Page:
Two trusts in the North and Midlands of England have signed deals with Nervecentre to roll out electronic observations software, using grants from NHS England’s technology fund.

Nottingham University Hospitals NHS Trust has given all 4000 of its doctors and nurses mobile devices to record patient information as part of their deal, while County Durham and Darlington NHS Foundation Trust is currently piloting the Nervecentre system.

All staff members at Nottingham will be able to use devices such as iPhones to instantly share patient information across 69 wards at its three hospitals.

The Nervecentre software allows staff to record patient observations on the mobile devices and share key clinical details used for handover.

The latest development completes a five-year project at Nottingham that began with the implementation of task management solution Hospital-at-Night, which allows escalations and job lists to be transferred via the system out-of-hours.

Since the start of the roll-out, over 700,000 electronic observations have been recorded by Nottingham staff and 7000 electronic observations are now being recorded every day, according to Nervecentre.

Dr Mark Simmonds, an acute and critical care consultant at Nottingham and the project’s clinical lead, said the “hugely ambitious” project has already improved communication between staff.

 “Beyond the obvious advantages of phone and text messaging, staff are now able to access a variety of medical apps including guidelines at the bedside.”

The programme was supported by the ‘Safer Hospitals, Safer Wards: Technology Fund’, commonly known as tech fund 1, for which Nottingham received £411,500 for patient observations.

Durham and Darlington has also funded its e-observations system work with tech fund money, after it received over £1.6 million to support patient flow.

The Nervecentre system is currently being piloted on both respiratory and orthopaedic wards across two acute hospitals in Durham and Darlington, with plans to roll out the system across all wards at three acute hospitals and five community hospitals by winter 2015.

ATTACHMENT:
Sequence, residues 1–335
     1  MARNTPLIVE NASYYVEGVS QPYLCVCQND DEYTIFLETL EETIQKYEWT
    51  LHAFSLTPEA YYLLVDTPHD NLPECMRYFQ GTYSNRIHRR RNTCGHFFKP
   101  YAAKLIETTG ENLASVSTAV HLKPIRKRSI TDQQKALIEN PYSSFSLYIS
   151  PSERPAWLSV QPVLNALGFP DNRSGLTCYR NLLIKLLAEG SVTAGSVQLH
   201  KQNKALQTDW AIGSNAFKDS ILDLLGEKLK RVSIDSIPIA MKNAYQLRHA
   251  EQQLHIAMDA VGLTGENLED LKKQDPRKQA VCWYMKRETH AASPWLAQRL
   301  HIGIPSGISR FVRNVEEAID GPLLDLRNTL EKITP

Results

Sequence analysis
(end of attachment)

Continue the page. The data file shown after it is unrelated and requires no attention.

Paul Latimer, lead nurse for the special projects team at County Durham and Darlington, told EHI News the trust wanted an electronic observation system to improve accountability and allow staff more time to be with deteriorating patients.

Latimer said the decision to go with Nervecentre was partly influenced by Durham and Darlington’s ability to own the software and make “modifications and tweaks” where necessary.

“We want this to be a system that is led by patients rather than the IT,” he said.

Key features of the electronic observations system include software to calculate Early Warning Scores based on patient information such as heart rate and blood pressure. By keeping track of these scores, hospital staff can then use their mobile device to alert other staff if urgent attention is needed.

While the project is still in its infancy, Latimer said that staff involved in the pilots have said they are saving time on recording observations in order to focus more on delivering patient care.

“This is a massive change in practice, but there has been good acceptance of using the mobile technology.”

Paul Volkaerts, Nervecentre's managing director, said the company is also working with Durham and Darlington to provide a bed management solution which the trust will integrate with its task management system to provide real time data.